A recruiter that runs regular YouTube shows for job seekers called 2020 “a year like no other.” The 2020 crisis was, and for the moment still is, international in scope, and probably impacts more jobs in a wider range of industries than any recession in recent memory.
Successful people focus on the future, so that is what I will try to do. This blog already includes posts such as this one discussing specific companies with openings now so we will look at strategy instead. Strategies that I think will be helpful in 2021 include:
- Featuring your Pandemic-related career pivot,
- Dealing honestly and creatively with a COVID-19 related employment gap, and
- Taking advantage of virtual opportunities to grow and maintain your industry and professional contacts.
The Pandemic had some impact on those of us that continued to work, as well as those of us that were laid-off or furloughed. Many that continued to work were suddenly displaced from their offices and forced to work from home. They also took on new and unexpected roles, in some cases.
Those of us that became full-time job seekers found ourselves in a world where traditional in-person networking may not be an option in their geographic area.
Feature your career pivot.
A common marketing expression is “if you can’t avoid it, feature it.” An example of this is the yogurt boldly labeled “fruit on the bottom” because the fruit chunks sink to the bottom of the container.
I found two recent customers who are in jobs that were transformed suddenly into new roles as a result of the Pandemic. Last week, for example, I heard from a prominent lobbyist that was hired in 2019 as the first-ever full-time staff member assigned to represent her organization in the Pennsylvania Statehouse and at the US Congress. The Statehouse was closed suddenly, making in-person lobbying impossible. Instead, she was given leadership of a five-member team charged with finding and purchasing $1 million in PPE for member organizations at a time when most of us saw TV images of doctors and hospitals serving the public without enough of this essential equipment. She acquired the supplies within three weeks!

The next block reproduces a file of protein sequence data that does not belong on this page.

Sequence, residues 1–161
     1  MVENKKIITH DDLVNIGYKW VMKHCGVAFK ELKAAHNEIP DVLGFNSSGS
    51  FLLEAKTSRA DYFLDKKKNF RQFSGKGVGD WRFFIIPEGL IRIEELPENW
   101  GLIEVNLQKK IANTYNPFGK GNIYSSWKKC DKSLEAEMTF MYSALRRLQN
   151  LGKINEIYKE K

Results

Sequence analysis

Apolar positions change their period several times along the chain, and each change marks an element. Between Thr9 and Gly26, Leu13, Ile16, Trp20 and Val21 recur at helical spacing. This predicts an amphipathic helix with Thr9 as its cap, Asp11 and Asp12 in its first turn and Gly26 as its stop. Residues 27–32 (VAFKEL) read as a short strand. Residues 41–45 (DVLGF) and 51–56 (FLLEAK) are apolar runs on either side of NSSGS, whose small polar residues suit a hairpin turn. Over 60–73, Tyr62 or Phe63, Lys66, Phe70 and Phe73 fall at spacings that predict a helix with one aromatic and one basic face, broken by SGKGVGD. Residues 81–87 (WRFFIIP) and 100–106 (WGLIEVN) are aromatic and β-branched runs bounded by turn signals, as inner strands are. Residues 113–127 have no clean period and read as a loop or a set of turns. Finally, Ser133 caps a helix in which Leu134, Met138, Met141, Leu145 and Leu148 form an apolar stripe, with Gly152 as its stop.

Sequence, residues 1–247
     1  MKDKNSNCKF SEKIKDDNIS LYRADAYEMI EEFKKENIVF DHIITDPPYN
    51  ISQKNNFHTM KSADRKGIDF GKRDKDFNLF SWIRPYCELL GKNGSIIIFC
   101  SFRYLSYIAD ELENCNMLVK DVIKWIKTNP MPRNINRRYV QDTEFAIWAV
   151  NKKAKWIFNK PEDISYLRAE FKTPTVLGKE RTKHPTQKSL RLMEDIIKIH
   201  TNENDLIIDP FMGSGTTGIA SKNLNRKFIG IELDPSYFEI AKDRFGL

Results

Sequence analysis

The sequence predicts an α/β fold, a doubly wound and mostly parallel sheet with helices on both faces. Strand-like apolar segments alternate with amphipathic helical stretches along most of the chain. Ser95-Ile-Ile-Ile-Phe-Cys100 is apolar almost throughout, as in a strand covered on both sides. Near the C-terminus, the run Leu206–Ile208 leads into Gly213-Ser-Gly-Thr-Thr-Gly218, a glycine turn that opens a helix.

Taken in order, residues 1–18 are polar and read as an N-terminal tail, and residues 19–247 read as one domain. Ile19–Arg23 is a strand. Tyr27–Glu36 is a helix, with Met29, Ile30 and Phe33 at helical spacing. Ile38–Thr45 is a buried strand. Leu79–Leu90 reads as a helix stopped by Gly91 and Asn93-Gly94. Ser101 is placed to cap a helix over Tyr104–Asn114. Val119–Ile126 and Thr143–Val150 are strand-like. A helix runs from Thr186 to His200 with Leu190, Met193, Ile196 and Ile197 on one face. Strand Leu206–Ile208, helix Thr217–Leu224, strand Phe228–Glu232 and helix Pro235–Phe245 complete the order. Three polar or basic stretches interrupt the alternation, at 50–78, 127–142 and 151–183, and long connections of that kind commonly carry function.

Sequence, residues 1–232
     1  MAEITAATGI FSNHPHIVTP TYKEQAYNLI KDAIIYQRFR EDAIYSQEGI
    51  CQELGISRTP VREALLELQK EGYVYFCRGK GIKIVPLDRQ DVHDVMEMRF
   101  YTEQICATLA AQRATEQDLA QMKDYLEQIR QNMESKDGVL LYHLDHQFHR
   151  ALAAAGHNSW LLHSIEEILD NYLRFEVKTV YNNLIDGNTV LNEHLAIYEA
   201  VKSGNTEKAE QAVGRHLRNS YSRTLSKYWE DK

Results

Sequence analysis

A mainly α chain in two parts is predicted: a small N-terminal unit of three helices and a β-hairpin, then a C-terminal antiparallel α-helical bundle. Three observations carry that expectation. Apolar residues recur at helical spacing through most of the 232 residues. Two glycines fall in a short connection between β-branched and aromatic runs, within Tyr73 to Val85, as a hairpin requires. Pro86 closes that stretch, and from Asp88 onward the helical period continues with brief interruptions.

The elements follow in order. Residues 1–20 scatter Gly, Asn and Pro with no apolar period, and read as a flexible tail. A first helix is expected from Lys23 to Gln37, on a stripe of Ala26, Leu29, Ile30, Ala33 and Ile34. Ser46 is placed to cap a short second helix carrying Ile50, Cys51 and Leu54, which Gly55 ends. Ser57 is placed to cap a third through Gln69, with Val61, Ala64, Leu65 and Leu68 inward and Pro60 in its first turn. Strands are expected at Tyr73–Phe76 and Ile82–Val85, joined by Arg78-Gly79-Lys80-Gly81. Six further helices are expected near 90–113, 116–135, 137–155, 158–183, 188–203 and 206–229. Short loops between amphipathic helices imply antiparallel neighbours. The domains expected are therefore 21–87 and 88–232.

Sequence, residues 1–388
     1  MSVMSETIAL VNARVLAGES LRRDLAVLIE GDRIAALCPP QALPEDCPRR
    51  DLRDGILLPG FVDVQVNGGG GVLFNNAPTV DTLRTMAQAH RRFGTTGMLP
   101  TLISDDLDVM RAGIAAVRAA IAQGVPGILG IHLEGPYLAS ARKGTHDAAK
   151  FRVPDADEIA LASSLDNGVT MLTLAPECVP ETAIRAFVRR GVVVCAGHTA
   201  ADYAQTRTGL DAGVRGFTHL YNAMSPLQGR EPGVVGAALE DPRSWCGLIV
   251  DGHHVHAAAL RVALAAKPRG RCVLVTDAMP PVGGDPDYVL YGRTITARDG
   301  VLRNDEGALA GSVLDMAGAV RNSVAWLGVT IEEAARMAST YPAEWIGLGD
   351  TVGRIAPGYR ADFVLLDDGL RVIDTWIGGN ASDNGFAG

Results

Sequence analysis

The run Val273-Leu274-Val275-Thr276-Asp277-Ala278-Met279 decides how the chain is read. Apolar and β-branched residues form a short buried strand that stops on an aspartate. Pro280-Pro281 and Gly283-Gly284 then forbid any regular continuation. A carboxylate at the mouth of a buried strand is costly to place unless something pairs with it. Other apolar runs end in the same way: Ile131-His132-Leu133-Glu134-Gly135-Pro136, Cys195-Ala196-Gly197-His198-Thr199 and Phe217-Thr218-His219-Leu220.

Another client was hired in January, 2020 to oversee fundraising galas in New York and Washington, DC, and an additional event in Dallas, TX. Suddenly, her events were recast as virtual fundraisers requiring a different skillset to execute. She needed to hire and supervise video production contractors instead of caterers, for example. Ultimately, she met or exceeded her fundraising goals, so the pivot was successful.
Deal honestly and creatively with a COVID-19 related employment gap.
Not everyone I have spoken to recently has been able to pivot successfully. An event promoter I spoke with while typing this told me that, with most live events shut down, he has generated about 5% of expected revenue.
As we know, many have lost their jobs during the Pandemic, and now have an employment gap. It is always a good idea for job seekers to demonstrate activity during employment gaps and now it’s more important than ever. Part of the reason is that LinkedIn considers profiles incomplete if they do not show a current job, and ranks them accordingly in search results.
Cindy, a senior business analyst in Florida, filled her employment gap on her LinkedIn profile as follows: